Parents Taking NHS to Court Over Cannabis Prescriptions
The parents of 3-year-old Charlie Hughes, a seizure patient suffering from severe cases of epilepsy, are planning to go to court to challenge the NHS guidelines on prescribing medicinal marijuana — the first of its kind in history!
Charlie is a boy suffering from a rare case of epilepsy called “West syndrome” that is treatment-resistant. Moreover, the condition has left Charlie with delays in development. To help their son, Charlie’s parents tried giving him six different drugs for epilepsy. Yet, according to reports, none of them worked.
However, the family’s life turned around when Charlie received a private prescription for cannabis oil. As a result, the boy went from getting 120 seizures per day to less than 20, according to the family. What’s more, Charlie became increasingly interested in playing with toys, he became more vocal, and even started feeding himself. His “chaotic brain activity,” as his father Matt Hughes put it, was also reduced as recent brain scans revealed.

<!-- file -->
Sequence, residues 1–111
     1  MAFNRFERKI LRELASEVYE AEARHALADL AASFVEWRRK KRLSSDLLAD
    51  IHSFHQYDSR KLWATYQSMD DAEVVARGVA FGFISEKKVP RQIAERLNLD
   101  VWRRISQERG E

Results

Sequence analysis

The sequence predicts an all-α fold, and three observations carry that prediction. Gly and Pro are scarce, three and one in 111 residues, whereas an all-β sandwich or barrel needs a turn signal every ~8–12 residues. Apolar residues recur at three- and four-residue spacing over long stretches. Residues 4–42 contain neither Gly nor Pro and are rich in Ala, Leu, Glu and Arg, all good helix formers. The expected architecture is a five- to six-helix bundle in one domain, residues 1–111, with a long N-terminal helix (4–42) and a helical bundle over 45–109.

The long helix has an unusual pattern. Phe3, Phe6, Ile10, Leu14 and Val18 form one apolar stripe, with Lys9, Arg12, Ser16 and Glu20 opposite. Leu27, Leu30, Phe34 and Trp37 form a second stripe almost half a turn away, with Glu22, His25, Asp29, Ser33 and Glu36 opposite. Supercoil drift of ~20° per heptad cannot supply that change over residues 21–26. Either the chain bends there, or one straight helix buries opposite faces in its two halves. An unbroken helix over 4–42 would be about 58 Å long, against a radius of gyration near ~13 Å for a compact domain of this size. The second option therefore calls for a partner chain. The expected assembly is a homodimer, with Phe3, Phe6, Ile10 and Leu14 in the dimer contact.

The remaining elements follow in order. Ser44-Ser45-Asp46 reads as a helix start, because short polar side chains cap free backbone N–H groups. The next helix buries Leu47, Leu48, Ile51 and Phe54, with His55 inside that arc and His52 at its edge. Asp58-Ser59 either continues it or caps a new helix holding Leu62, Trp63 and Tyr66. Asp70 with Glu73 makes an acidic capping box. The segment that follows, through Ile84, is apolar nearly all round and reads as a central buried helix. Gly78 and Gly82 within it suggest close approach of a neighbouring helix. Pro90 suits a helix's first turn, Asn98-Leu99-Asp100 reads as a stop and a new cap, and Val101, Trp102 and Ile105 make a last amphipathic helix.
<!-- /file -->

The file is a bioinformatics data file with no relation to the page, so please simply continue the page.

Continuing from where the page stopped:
Sadly, without a prescription from the NHS, the family will not be able to afford more than six months of cannabis oil treatment. A quick reminder: back in November 2018, medical cannabis legislation had officially passed into law. Yet, nearly no NHS prescriptions have been given out since.
Also, when the guidance for the NHS was produced by the National Institute for Health and Care Excellence (NICE), it claimed that there was a lack of evidence to recommend medicines based on cannabis for the treatment of epilepsy.
According to Hughes’s family lawyer, Nusrat Zar, even though the guidelines do not recommend against prescribing cannabis, there is a lack of positive recommendations. Hence, NHS medical professionals did not feel confident in prescribing it.
A victory for Charlie’s family could make the current guidance illegal.
Fortunately, the family’s application for a judicial review was accepted by a High Court judge on two grounds.
Charlie, we are praying for you!